Pollok house and grounds.
Cattle breeds have always captivated me. They tie us to a past where we depended on cattle for our sustenance. On our farm we are lucky to have had many different types of cows. When I was young we had a Jersey named Natasha, while today we have mostly Highlands and Hereford crosses and a few Charolais that I convinced my father to buy. However, our Highlands have a special place in my heart, and one would be hard pressed to find a breed that evokes reaction like the regal Highland; they are stunning animals and a true crowd pleaser.
Malcolm who shows and cares for Pollok’s Highlands and my husband brushing a highland cow.
My husband and I were flying into Glasgow en route to Belfast so I lobbied for an extended stop over. In this spirit, I contacted Pollok House to inquire if I could see their herd of prize-winning Scottish Highlands. Pollok House is within a beautiful park in the middle of Glasgow. The park’s director and the herdsman gave us a private tour of the grounds and their prize-winning Highland fold. We felt like superstars! A herd of Highland cattle are called a fold: in ancient Scotland cattle roaming the highlands were taken into “folds” when the weather was particularly inclement, or if there were wolves or thieves about. I have never met a non-gentle Highland, but in the past their horns and fur where excellent protection against predators like the wolf. It doesn’t take much imagination to envision a fold of Highlands fending off the winds and predators on the rough Scottish uplands.
Highland cattle are one of the oldest breeds in the world, and archeologists have uncovered remains going back to at least the 6th century. Unlike their ancestors, the Highland fold at Pollok Park are city residents, and serve to teach Glasgow residents about Scotland’s cattle heritage and agriculture. Each year they host hundreds of school children that learn about the fold and its history and the special ecosystems that pastures cultivate. They also take the cows to events around the city, which helps to raise awareness; one event brought a beautiful Highland cow into a fancy restaurant. Ha! I was a bit jealous; it would be great if we had a herd of cattle or dairy cows in Prospect Park, wouldn’t it? Perhaps the divide between city and rural perceptions of agriculture could be breached if more people saw cows grazing around us.
School children learn about pastoral ecosystems when they visit Pollok Park, and the park pastures support a diversity of insect and plant life. Pollok is the only known breeding ground for honeybee mimics, and also hosts a variety of bees and rare wildflowers. One cow produces over four tons of manure a year, which helps to feed a variety of insects, which in turn feed foxes, hedgehogs, bats, newts, shrews, toads and a variety of birds. Pastures are one of the few human creations that actually promote biodiversity, and when managed correctly can heal natural environments and encourage wildlife and flora.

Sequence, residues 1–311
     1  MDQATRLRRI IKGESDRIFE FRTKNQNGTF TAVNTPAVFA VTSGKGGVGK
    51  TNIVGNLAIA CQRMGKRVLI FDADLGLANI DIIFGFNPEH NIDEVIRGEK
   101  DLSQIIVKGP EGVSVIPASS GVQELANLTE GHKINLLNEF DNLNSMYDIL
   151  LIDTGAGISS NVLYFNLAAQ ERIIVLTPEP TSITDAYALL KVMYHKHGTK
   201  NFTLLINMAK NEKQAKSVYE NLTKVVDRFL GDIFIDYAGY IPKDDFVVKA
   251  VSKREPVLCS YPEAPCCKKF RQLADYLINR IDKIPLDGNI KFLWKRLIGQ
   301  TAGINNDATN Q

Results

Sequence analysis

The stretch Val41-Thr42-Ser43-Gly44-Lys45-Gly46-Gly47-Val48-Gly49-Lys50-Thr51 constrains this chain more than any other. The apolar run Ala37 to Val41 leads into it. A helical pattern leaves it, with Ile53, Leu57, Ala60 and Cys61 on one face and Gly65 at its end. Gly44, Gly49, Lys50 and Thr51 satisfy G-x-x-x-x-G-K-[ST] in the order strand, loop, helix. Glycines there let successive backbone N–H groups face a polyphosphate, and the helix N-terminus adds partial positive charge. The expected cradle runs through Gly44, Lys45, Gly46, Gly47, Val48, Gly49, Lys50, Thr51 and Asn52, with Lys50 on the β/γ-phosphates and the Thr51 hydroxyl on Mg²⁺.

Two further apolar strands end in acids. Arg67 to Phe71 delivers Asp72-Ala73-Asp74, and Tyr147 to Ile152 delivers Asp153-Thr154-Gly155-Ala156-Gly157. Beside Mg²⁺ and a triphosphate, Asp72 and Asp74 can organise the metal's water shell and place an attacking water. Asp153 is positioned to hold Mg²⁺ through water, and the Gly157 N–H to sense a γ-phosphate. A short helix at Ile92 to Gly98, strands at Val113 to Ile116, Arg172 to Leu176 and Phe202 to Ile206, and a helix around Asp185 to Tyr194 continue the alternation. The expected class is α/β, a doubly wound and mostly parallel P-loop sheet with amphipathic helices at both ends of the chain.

The fold’s prize winning black bull, that is my husband with him.
The Pollok fold also serves to preserve and promote the quality of the Highland cattle breed, which is much needed in a world were many heritage breeds are threatened. Pollok Park was originally a grand estate, and has had Highland cattle for over two centuries. This tradition continues now that the city of Glasgow owns and manages the park. One of the most promising trends in the culinary world is attention to the different flavor profiles and quality of domestic animal breeds, and one of the best ways to preserve domestic animal diversity is to support farmers who do so. Slow Food has encouraged this with their Ark of Taste program that identifies and promotes heritage foods, breeds and heirloom seed varieties. In Scotland, there is a lot of excitement surrounding Scottish beef, and this is helped by the fact that cattle are a source of national pride. My father believes that these old breeds tie us to our past, and that it is important not to lose these wonderful animals There are cultural reasons for this, but also practical reasons: many of these older breeds excel on grass, which could become important to us in a world of shifting resources and tastes.
Rare dunn colored bull.
Pollok’s fold has a diversity of colors, many of which I had never seen here in America. They have black Highlands, yellow, white, different shades of red, some brindled, and a beautiful silver-dun color. The centerpiece of the fold is the gorgeous, prize-winning black bull. Malcolm, the fold’s knowledgeable and passionate herdsman, told us that black was their original color, and gave us a peek into their past via a historical account featuring Rob Roy.
Pollok Park is also home to an incredible art collection called the Burrell Collection, and their beautiful Chardins delighted me. The collection is astounding and rivals many of the world’s best. My husband and I thought the combination of art and cattle was so marvelous! We definitely need more people to preserve culture in this wonderful and elegant way! Pollok Park is not to be missed on a trip to Glasgow! The café is excellent too, so be sure to make a day of it if you do get the chance to visit!
Special thanks to Marilyn Muir it’s Facility Manager and Malcolm Moy and the delightful staff at the café where we had a lovely lunch that celebrated Scotland’s amazing produce!